Tennessee on Wednesday formally asked the Trump administration for permission to convert its Medicaid program into a limited, block grant–type model, a controversial plan that, if approved, could be the first in the nation.

The proposal will test the Trump administration's ability to allow states the flexibility to make drastic changes to Medicaid. 

Imposing block grants in Medicaid has long been a major conservative goal and has been encouraged by the Trump administration, but it is not clear if the administration alone has the legal authority to allow such drastic changes.

Once the Centers for Medicare and Medicaid Services certifies the application, it will be open for public comment for 30 days.


Trump FDA pick dodges questions on Trump's flavored vape ban

Gordon SondlandGordon SondlandGOP chairman vows to protect whistleblowers following Vindman retirement over 'bullying' Top Democrat slams Trump's new EU envoy: Not 'a political donor's part-time job' Trump names new EU envoy, filling post left vacant by impeachment witness Sondland MORE wasn't the only big hearing today...

In the health care world, President TrumpDonald John TrumpBiden team wants to understand Trump effort to 'hollow out government agencies' Trump's remaking of the judicial system Overnight Defense: Trump transgender ban 'inflicts concrete harms,' study says | China objects to US admiral's Taiwan visit MORE's pick for the Food and Drug Administration had a confirmation hearing before the Senate Health Committee, where he declined to endorse the idea of a vaping flavor ban.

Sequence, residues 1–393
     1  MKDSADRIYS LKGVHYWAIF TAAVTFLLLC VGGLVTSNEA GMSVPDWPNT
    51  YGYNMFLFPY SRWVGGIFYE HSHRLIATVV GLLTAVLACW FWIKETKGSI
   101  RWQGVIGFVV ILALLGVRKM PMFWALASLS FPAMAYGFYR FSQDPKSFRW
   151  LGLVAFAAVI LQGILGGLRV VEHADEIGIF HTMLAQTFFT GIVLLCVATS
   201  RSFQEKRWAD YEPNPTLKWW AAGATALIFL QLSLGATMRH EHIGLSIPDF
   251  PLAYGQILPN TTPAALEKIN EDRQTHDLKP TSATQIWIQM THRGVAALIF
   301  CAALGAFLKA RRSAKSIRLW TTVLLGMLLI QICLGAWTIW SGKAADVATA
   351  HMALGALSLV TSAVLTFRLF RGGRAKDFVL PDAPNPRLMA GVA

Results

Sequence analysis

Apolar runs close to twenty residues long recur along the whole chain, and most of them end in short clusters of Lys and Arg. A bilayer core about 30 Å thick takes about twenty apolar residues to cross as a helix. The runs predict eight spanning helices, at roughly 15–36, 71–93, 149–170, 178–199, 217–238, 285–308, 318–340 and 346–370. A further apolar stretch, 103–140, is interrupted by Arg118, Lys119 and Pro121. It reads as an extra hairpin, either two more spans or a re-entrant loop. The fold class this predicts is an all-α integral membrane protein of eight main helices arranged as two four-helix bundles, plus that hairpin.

Stephen Hahn, the chief medical executive of MD Anderson Cancer Center, said "aggressive action" is needed to stop the youth vaping epidemic, and to prevent young people from becoming addicted to nicotine and tobacco. 

But when pressed at his confirmation hearing, Hahn did not directly address the issue of a flavor ban.

"I understand that the final compliance policy is under consideration, I don't want to prejudge that," Hahn said.

The questions from Democrats and Republicans came after multiple reports that Trump is backing down from his pledge to remove all flavored e-cigarettes from the market. 


Just a week ago, the FDA official in charge of tobacco products testified in the same committee, and repeatedly declined to commit that the administration would ban flavored e-cigarettes. 

Read more here


Trump to hear from 'all sides' in meeting on youth vaping rates Friday

President Trump will meet Friday with stakeholders on the issue of youth vaping, the White House announced Wednesday. 

A "diverse" group of advocates, industry representatives, nonprofits, medical associations and state officials will attend the meeting, White House spokesman Judd Deere said Wednesday.